"Nausicaa", is a song written for the daughter of King Alcinous, a character in Homer's Odyssey. The track opens perfectly with soft unfolding piano and electric guitar. The instrumentation sets the mood perfectly for the story within.

"Oxen of the Sun" opens with high pitched guitar cascading over soft drums and pulsating keys. Griffiths' sings, "You were born in flesh and blood. But only when you're touched by my art will your soul and spirit live. That's the life that I can give". The melotronic keys that follow will bring back more memories of the glorious past. I even hear similarities from Tony Banks' keyboards on Seconds Out. Darmstaedter's flute however, will blind you to any of the other music happening around you. She is wonderful. Griffiths' ends, "But the art that I create. It is here and it will always be".

"Ithaca", the famous Greek isle. Who wouldn't want to sing about it? And Griffiths' sings, "A single moment that stops the flow of life in a freeze. Or do we just catch a fleeting glimpse of eternity's deflated spot?" All of this proceeded by wonderful classic organ – like keys and those stirring keyboard strings of long past. The longest track on the album at over nine minutes, and they provide you with a great keyboard and drum journey through the mystery and beauty of this island. Those piercing keys, bass and guitar harmonies truly re-create in the mind the almost mythical land of Homer.

"Yes" is an instrumental closer that includes some excellent launching electric guitar and those Tears for Fears keys from "Gas Giants", that will really will take you back to dreamland. There is a surprise narrated excerpt from Ulysses that I will not spoil. But the beautiful flute and piano that follows was the perfect way to close a classic.

I have often read about this band being compared to many Neo-prog bands. I could not disagree with that comparison any stronger. This band is boldly going where only their elder peers from the era of progressive rock I grew up with in the 60s and 70s visited. How many new bands would be willing today to examine the works of Shakespeare or Joyce with such and eye to capturing both the content and expression of these works to music? The list is too short. Yes, this band is bold and enjoys making a statement. And that has to be respected amongst the numerous bands trying to fit into the mold of either the past or adopting the sounds of their contemporaries. Yes, this is not easy listening music. You have to open a book and read. Which is a wonderful thing now isn't it?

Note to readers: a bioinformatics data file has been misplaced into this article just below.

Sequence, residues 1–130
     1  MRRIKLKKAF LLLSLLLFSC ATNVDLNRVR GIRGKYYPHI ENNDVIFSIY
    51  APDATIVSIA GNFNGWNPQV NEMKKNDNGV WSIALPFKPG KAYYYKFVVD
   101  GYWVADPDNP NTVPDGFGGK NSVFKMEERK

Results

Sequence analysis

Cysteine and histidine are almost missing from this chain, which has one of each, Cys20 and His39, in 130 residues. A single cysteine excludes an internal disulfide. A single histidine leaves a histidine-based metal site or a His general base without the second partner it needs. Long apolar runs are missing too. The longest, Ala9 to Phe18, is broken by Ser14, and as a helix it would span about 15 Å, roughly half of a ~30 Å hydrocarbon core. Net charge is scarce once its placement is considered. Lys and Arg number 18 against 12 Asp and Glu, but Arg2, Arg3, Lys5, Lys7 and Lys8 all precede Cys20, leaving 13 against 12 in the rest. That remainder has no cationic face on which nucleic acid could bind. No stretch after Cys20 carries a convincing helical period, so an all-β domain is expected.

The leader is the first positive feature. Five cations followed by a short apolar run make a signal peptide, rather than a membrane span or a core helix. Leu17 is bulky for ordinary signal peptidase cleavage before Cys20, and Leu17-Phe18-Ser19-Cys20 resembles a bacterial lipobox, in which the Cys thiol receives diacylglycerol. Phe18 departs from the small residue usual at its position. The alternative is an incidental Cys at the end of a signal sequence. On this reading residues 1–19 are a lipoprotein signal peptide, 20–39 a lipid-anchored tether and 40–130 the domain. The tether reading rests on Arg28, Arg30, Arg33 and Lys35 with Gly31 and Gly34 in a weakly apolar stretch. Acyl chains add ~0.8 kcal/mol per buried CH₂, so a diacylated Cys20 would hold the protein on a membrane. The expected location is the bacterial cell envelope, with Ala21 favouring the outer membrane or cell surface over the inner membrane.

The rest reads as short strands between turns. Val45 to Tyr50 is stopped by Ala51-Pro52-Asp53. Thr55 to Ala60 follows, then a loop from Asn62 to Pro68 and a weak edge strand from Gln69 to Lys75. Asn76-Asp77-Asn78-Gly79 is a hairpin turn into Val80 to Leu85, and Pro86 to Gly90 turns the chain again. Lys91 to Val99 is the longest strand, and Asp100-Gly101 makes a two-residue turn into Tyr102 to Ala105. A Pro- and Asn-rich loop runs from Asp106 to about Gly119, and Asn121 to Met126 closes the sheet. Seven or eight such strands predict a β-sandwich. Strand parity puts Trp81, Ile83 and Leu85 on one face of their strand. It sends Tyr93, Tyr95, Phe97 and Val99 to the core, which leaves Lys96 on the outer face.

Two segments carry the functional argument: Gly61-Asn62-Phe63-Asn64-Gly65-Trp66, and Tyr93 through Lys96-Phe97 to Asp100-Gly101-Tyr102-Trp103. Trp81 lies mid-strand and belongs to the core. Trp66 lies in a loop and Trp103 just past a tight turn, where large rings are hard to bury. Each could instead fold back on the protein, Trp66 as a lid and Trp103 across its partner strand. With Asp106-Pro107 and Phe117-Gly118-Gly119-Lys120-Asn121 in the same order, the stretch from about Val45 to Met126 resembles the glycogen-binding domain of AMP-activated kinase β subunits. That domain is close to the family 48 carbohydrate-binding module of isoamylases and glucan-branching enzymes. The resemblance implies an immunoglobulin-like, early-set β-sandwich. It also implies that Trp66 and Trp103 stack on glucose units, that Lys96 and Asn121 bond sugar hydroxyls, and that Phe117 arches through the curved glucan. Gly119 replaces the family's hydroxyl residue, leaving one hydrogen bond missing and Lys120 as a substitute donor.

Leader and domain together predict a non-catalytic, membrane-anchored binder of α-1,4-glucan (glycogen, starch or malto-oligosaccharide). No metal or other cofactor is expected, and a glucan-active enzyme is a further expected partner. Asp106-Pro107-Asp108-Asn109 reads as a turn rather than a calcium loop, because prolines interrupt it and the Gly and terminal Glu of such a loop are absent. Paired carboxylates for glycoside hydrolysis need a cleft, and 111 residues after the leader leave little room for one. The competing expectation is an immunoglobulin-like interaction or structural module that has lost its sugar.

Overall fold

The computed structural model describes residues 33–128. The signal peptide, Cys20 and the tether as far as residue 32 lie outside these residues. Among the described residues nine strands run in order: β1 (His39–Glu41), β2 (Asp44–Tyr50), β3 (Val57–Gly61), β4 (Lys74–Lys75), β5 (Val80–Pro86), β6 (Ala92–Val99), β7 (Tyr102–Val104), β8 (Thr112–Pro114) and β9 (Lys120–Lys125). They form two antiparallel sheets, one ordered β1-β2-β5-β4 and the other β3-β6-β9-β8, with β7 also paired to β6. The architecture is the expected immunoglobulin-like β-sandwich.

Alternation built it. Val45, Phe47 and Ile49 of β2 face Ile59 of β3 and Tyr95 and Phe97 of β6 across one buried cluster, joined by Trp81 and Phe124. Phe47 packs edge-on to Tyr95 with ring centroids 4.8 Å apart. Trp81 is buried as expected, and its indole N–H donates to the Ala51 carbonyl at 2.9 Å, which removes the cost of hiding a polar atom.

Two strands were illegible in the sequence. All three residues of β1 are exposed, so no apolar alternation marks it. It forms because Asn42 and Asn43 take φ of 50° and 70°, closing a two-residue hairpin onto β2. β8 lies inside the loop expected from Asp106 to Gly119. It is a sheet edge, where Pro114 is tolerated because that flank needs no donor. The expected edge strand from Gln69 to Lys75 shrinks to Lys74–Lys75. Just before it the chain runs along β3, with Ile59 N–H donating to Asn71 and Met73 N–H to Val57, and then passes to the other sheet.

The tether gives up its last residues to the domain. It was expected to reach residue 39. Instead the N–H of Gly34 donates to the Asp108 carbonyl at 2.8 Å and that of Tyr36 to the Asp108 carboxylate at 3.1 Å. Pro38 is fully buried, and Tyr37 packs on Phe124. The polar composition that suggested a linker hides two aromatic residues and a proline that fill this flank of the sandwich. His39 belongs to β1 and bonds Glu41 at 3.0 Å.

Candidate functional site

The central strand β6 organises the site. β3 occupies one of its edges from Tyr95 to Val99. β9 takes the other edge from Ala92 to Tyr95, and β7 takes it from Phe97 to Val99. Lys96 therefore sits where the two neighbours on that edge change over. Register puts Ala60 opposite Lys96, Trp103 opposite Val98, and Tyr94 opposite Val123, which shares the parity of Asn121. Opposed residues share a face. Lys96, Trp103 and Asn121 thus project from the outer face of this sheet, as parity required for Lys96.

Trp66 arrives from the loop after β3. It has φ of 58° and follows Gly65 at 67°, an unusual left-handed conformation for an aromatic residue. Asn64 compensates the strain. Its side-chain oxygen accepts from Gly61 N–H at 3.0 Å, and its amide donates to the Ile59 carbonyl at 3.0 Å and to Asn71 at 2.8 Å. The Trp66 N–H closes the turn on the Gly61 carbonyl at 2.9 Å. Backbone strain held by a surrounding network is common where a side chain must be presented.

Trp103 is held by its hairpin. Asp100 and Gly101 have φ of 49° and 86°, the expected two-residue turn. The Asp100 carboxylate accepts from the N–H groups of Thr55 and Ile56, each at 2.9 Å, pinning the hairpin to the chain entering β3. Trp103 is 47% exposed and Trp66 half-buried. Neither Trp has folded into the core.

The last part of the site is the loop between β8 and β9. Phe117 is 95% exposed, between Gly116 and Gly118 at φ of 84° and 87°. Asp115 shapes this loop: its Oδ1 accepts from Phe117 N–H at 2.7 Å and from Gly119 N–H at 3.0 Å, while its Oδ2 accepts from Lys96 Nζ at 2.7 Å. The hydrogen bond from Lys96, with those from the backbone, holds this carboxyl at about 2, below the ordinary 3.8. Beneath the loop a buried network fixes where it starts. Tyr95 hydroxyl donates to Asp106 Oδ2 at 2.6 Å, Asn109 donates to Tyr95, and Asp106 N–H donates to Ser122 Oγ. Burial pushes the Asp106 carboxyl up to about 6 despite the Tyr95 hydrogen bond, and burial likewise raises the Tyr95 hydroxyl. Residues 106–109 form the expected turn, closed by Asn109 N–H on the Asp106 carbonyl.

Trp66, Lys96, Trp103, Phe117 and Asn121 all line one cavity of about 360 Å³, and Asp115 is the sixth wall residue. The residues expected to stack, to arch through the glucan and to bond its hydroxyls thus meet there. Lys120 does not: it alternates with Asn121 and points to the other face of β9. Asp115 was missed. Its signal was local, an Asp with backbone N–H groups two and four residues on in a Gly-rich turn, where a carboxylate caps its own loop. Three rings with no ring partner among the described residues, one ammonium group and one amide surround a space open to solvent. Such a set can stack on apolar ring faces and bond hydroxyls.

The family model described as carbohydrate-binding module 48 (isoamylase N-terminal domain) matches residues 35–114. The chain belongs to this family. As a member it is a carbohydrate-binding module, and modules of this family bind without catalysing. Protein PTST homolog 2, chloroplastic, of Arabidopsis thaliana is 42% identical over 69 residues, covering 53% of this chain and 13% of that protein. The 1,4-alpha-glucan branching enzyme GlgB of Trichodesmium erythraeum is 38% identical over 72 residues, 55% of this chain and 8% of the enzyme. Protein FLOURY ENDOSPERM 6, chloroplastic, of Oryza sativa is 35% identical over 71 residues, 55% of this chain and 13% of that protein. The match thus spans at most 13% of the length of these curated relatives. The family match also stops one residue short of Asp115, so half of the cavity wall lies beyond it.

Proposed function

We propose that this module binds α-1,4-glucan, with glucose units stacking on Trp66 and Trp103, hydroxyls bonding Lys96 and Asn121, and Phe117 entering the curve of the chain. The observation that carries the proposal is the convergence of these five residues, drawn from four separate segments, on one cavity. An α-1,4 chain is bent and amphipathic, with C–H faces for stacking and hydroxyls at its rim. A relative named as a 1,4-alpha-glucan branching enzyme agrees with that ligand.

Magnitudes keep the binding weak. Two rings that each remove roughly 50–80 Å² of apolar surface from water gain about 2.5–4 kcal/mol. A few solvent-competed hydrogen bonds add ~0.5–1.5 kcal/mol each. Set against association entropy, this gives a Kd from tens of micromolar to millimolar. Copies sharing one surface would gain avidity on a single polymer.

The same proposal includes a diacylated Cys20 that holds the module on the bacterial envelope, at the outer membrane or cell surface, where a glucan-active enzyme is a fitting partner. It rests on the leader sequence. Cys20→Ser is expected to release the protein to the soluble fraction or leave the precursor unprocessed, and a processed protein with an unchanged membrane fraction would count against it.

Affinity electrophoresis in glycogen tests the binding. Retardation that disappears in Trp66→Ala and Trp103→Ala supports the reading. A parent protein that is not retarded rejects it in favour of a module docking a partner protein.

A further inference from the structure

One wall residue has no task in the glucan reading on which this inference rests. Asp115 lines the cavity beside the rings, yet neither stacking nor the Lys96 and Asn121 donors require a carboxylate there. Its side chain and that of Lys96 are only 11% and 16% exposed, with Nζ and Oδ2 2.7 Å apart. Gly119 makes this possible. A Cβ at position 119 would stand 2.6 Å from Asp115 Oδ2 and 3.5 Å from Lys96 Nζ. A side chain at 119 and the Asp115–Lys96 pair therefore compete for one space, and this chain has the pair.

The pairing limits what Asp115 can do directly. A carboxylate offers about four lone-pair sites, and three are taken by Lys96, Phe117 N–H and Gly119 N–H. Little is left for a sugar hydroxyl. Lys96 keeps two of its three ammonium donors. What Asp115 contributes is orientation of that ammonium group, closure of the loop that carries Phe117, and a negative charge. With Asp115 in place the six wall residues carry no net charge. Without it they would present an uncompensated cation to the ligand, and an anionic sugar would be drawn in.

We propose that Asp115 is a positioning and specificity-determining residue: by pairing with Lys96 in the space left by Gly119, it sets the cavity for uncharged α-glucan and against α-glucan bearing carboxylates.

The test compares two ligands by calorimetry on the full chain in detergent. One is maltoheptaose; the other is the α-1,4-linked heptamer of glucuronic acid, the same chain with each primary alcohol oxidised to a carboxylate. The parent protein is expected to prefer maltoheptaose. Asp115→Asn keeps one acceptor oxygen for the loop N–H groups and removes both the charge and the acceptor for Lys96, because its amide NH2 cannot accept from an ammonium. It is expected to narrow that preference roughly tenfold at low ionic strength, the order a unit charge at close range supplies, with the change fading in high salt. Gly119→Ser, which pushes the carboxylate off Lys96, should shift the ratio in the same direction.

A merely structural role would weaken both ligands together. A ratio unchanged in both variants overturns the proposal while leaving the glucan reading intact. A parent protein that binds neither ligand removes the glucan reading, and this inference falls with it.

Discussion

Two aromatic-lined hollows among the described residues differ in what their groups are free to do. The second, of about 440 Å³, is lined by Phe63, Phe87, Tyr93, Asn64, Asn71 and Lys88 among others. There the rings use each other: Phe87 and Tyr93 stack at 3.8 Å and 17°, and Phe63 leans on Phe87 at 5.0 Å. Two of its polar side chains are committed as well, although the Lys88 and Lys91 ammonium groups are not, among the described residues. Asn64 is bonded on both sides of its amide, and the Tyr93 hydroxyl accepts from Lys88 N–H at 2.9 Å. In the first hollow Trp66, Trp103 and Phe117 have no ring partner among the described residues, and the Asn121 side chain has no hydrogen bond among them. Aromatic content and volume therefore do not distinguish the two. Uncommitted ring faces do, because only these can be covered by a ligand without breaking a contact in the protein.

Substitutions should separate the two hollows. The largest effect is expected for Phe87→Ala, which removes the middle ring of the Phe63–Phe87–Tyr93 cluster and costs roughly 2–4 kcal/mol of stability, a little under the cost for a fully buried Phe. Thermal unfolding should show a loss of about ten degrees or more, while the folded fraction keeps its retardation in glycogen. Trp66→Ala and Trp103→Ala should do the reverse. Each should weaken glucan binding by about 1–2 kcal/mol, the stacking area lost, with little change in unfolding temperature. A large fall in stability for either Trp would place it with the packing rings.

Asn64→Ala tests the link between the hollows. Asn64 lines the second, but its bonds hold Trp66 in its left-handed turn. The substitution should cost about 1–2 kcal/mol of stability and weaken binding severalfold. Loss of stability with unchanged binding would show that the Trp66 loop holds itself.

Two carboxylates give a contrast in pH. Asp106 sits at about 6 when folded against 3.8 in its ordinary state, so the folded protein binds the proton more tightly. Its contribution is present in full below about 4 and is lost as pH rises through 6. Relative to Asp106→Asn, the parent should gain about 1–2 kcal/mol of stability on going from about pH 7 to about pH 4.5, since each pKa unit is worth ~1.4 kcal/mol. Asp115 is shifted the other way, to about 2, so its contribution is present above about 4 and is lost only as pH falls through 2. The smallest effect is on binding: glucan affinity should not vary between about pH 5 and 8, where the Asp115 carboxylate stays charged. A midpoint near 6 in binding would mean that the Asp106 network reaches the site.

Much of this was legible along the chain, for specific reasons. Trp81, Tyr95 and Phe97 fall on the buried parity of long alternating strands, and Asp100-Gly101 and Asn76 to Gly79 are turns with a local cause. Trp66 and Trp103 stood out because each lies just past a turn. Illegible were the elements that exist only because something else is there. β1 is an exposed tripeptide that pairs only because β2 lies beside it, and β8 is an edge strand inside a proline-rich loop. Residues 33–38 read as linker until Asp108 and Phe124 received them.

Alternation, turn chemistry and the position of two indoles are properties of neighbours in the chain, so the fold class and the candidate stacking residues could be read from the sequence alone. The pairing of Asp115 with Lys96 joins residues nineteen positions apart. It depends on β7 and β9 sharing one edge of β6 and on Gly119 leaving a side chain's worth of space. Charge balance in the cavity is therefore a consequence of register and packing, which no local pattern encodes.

Poor Genetic Material has captured the essence of Joyce's work here and presented it with the sounds of music. Thank them for the effort by at least giving this album a listen. I think you will be glad you did.

Track Listing:

1. Martello Morning
2. Wisdom and Menace
3. Bloom
4. Wandering Rocks
5. Nausicaa
6. Oxen of the Sun
7. Ithaca
8. Yes

Added: June 28th 2013
Reviewer: Mark Johnson
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Hits: 3643
Language: english